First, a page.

Dey’s Plaza is a five building complex whose main structure was constructed in 1893 for Dey Brothers Department Store. It was designed by noted architect, Archimedes Russell in the Italian Renaissance Revival style, using post and beam construction.
Dey’s was the leading retail store in Syracuse at the time. The first four stories contained sales floors and company offices. The fifth floor was used to store stock. Much of the sixth floor housed the factory of the Dey’s Patents Company, which manufactured timekeeping equipment. Over a 76-year period, the store underwent periodic renovations to expand its footprint and stay contemporary. In 1969, a year-long renovation added 40,000 square feet by connecting the store to adjacent buildings on East Jefferson and South Warren streets.
Also at this time, the entire building façade, including windows, was covered with 66,000 square feet of sparkling white marble and embellished with a large-scale Dey Brothers logo in their signature blue. Store executives claimed, “We wanted a new Dey Brothers look for the 70s and 80s and a downtown store that would be as up-to-the-minute as our two branches.”
The blue logo on white marble was an attempt to move away from institutional colors to something more feminine. After the store’s demise in 1995, the building was converted into a modern office building and the original facade was restored. Today, after another renovation in 2010, the building features upscale residential apartments.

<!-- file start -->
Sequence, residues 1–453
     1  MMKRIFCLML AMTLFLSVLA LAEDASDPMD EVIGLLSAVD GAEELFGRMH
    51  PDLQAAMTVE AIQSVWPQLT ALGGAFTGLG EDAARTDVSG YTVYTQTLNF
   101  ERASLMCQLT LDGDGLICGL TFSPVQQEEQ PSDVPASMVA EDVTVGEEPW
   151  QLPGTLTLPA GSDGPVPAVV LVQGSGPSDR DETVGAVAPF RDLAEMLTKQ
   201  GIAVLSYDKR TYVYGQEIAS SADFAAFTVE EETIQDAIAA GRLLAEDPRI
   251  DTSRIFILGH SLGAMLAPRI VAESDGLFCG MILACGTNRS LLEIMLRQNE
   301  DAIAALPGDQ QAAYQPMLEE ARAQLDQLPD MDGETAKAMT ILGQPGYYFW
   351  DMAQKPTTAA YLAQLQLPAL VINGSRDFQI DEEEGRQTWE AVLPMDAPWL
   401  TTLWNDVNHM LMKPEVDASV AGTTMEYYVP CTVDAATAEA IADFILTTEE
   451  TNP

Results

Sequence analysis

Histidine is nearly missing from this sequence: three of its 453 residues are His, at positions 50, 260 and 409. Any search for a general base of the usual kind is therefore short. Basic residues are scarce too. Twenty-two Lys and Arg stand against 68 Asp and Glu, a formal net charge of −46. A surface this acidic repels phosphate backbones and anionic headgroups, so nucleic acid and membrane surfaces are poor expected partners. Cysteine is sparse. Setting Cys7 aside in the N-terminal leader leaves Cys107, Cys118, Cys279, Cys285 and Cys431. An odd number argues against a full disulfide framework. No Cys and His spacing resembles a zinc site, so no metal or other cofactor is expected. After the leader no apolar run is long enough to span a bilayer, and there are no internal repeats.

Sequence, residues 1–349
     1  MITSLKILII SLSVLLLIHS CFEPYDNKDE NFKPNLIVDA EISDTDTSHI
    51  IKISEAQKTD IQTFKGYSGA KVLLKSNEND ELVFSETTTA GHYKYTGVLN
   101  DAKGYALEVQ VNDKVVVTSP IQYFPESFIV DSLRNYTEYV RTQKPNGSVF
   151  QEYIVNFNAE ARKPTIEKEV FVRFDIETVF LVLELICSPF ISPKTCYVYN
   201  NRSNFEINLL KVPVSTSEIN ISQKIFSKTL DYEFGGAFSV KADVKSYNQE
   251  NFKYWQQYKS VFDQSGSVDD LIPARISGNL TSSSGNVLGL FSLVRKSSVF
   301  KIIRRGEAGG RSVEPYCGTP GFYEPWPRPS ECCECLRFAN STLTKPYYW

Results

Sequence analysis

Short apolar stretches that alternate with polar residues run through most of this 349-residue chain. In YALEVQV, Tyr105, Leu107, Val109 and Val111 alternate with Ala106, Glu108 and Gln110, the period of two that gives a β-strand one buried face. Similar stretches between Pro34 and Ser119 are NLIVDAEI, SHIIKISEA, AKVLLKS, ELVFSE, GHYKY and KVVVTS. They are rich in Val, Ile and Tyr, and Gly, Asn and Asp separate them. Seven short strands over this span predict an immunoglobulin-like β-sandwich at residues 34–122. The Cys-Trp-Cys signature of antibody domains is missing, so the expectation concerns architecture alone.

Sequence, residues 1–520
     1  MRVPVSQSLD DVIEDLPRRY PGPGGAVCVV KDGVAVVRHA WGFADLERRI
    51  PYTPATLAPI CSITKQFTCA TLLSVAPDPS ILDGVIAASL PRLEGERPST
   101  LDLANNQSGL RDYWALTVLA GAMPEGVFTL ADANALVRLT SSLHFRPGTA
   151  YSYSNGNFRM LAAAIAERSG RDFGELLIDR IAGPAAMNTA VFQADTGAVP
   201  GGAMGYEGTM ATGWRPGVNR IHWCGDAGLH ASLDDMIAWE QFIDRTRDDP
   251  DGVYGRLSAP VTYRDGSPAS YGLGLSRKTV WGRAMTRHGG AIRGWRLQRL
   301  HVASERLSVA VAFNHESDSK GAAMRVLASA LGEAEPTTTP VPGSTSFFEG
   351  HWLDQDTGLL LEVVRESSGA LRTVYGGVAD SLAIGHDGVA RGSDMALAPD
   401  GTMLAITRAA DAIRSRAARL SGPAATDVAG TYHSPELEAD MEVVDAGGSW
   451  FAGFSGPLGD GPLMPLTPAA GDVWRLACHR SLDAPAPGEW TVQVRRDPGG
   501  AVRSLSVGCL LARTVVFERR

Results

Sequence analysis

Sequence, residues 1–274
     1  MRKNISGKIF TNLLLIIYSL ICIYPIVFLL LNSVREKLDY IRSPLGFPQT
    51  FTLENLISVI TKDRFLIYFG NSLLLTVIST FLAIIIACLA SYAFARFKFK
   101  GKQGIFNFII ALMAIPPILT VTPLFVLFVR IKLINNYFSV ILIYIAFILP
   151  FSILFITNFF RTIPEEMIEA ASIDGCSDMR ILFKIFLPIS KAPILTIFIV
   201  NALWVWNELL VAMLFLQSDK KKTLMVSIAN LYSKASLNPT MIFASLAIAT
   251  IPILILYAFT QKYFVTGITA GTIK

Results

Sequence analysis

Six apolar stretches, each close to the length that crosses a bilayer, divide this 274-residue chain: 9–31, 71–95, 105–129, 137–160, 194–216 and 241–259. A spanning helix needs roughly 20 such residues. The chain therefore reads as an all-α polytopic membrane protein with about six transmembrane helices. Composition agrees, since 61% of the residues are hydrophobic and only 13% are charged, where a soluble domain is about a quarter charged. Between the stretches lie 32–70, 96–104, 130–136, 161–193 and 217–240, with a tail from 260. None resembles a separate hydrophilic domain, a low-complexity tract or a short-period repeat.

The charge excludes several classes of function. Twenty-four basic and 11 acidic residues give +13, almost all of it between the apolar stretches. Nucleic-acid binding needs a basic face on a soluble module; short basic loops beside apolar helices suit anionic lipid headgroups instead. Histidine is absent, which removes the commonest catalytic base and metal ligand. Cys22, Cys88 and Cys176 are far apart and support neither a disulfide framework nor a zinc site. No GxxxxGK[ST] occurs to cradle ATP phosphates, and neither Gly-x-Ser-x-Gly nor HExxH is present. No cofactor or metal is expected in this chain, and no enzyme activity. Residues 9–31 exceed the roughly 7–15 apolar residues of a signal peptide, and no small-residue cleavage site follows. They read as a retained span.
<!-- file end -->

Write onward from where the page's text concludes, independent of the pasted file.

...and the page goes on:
In 1893, Dey Brothers & Co. built their six story store on the corner of S. Salina and E. Jefferson St. It replaced the home of Milton S. Price, the “Merchant Prince.” Price ran his own store located across the street from 1853 until his death in 1889 when the store was taken over by E. W. Edwards and Co. Price’s mansion was characterized as “wedding cake” architecture surrounded by extensive gardens and statuary. The mansion was essentially an extension of its flamboyant owner. He was noted for his propensity to ride his horse through the store’s front doors to call attention to his merchandise.
Milton Price’s home where Dey’s Plaza is currently located
Robert and Donald Dey’s business location was questioned by many residents because of its distance from the city’s business center.
The owners invited the public to its 6th floor (where the Dey Patents Co., manufacturers of time registers was located) for the interesting birdseye view. They stayed to shop and the business flourished until 1992.